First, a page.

We're famous! …but only if you were at the 2013 Army Ball or have an Internet connection and know how to get to The YouTube.
The weekend of August 16th and 17th saw LFD return for its third Fife & Drum Muster at Fort George. Also in attendance: two new members, one bugler and zero ghosts.
After a decade-and-a-half hiatus, the King's Royal Yorkers and other Crown Forces units (including the Loyalist Fifes & Drums) returned to the historic city on the St. Lawrence.
July 19th and 20th, LFD appeared at Niagara-on-the-Lake's Fort George once again. This time however, with some new blood! It was a solid weekend at a favourite site with friends both new and old.
July 1st, The Loyalist Fifes and Drums joined the celebrations on our nation's birthday. Marching in the popular Bath Canada Day Parade once again, The Drums led the way with the same tunes that led the Loyalists over two centuries ago.
News - Under the Redcoat at Colonial Williamsburg
Drums beating "To Arms" at final parade
On June 28th and 29th, the Loyalist Fifes and Drums made the long trek to Virginia to participate in the unique living history event called "Under the Redcoat" at Colonial Williamsburg.
Under the Redcoat is a 'by invitation only' event, which brings together some of the hobby’s most elite units to portray the monotonous duties of the British army. We participated in the taking of the city, daily duty calls, guard duty, Sunday church service and the march out of town. In spite of the more tedious nature of some of the weekend's duties, The Drums found additional means of diversion. Watching the senior corps of Williamsburg Fifes and Drums at one of their practices was one of the highlights of the weekend. As one of the finest Fife and Drum corps in the world, LFD members were suitably impressed and inspired. Members also explored the town, jumping for adventure arresting (disappointingly harmless) escapees who snuck past the guards.
The Drums played a prominent role throughout the weekend. As the largest musical unit in attendance, The Loyalist Fifes and Drums enjoyed the opportunity to practice their repertoire and prove that being young does not mean members are not up to the task. One of the highlights was beating Taptoo down the Duke of Gloucester Street on Saturday evening, where we stopped at each pub along the way to call out the soldiers to return back to camp. We were led by torchbearers and accompanied by the Sergeant Major, followed by some of the rowdy tavern patrons being led back. Full uniforms in the evening after a hot day dazzled all who watched.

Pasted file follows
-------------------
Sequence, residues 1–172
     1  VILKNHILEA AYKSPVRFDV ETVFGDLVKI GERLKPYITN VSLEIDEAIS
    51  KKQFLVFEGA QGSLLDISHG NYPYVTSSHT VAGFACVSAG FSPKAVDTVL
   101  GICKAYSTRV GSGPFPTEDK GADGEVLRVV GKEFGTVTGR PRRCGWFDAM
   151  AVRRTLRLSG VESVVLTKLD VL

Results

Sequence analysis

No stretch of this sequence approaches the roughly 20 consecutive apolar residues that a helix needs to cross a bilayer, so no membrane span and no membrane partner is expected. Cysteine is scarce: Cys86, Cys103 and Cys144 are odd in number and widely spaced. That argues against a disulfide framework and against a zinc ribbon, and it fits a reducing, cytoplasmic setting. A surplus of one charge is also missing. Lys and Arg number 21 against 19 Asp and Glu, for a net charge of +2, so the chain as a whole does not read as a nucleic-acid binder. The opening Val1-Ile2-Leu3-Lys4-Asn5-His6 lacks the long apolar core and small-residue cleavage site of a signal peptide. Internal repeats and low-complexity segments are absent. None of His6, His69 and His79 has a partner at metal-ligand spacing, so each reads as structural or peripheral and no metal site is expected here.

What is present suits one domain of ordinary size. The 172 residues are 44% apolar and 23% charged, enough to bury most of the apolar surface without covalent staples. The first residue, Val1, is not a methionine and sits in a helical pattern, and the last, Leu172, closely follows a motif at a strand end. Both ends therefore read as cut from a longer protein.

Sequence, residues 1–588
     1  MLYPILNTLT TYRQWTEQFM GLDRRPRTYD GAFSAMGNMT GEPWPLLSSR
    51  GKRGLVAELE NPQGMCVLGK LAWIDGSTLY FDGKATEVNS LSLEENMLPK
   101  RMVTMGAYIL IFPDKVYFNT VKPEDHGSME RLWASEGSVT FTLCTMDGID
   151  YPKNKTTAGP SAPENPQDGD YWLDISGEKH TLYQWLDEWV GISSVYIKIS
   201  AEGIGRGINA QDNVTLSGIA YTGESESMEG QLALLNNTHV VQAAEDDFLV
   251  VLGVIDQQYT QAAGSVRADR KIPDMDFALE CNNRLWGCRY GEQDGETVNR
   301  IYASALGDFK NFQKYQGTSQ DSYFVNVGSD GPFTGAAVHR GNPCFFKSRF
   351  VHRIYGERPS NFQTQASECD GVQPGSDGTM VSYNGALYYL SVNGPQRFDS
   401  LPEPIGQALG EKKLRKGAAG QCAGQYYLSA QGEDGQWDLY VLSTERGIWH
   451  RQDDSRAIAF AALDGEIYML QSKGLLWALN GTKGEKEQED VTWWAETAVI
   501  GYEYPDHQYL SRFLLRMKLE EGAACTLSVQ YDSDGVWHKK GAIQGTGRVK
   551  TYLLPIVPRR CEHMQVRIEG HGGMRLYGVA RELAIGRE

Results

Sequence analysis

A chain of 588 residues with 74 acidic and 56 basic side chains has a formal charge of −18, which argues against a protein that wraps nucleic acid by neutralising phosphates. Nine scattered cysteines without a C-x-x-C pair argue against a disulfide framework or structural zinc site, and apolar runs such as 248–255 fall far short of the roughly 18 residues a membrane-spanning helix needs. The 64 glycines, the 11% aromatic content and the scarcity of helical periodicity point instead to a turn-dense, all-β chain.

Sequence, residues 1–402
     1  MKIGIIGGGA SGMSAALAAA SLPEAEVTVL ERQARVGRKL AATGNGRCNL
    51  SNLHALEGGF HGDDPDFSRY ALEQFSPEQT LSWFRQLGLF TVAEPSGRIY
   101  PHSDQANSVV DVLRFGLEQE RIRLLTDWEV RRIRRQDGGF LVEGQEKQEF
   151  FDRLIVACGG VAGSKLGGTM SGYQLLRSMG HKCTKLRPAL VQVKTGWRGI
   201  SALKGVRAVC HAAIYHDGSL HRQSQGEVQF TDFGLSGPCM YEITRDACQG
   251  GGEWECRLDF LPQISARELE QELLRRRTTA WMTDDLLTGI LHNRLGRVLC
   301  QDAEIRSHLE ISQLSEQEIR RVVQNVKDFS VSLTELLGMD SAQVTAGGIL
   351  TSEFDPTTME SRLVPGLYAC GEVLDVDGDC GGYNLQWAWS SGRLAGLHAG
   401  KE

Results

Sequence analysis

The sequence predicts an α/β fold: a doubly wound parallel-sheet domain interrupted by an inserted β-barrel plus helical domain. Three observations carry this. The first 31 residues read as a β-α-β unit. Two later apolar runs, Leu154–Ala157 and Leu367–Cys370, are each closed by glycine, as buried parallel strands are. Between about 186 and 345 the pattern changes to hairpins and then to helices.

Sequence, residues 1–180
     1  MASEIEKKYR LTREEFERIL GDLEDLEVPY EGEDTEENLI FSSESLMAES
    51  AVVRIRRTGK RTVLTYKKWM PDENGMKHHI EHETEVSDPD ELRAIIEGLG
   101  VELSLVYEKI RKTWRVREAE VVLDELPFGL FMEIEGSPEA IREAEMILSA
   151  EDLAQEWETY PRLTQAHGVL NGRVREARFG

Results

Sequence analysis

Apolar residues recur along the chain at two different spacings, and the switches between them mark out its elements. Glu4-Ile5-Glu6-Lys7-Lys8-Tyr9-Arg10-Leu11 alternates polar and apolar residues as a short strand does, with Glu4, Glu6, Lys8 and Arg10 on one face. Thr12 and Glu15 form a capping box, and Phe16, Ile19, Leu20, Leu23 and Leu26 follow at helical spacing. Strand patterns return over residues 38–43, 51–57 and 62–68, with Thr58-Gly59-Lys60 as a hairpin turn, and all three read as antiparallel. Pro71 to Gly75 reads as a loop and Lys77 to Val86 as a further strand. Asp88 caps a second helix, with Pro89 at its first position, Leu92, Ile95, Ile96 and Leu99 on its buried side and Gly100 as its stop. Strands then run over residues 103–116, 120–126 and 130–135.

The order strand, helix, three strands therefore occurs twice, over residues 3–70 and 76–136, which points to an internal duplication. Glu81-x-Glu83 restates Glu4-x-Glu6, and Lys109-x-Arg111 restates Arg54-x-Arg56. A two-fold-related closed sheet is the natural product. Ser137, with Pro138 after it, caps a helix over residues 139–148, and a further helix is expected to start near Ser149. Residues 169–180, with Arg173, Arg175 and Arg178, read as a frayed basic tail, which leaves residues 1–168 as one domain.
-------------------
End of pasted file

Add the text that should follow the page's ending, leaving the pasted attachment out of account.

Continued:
Colonial Williamsburg was a more than spectacular site. Surrounded by restored historic buildings and streets complete with cavalry and carriages, the large camp fell nicely into place. All members slept in their tents in town: accurate to the period down to the bedding and dampened shirts in the corner. Tourists were, of course, welcome in camp to observe, photograph and ask as many questions as desired. The garrisoned units added to the active feel of the already animated site.
The weekend was the hottest "Under the Redcoat" event ever. The temperature reached 104 degrees before accounting for the humidity. Needless to say, canteens were kept full, and plenty of fluids kept members on their feet without any heat related incidents. This is not including an accidental heat-induced full-corps slumber party that ended abruptly when members were suddenly surrounded by patriots as they dozed. No one was injured.
Despite the extreme heat the corps played well, and left looking forward to the next pilgrimage back to this incredible location.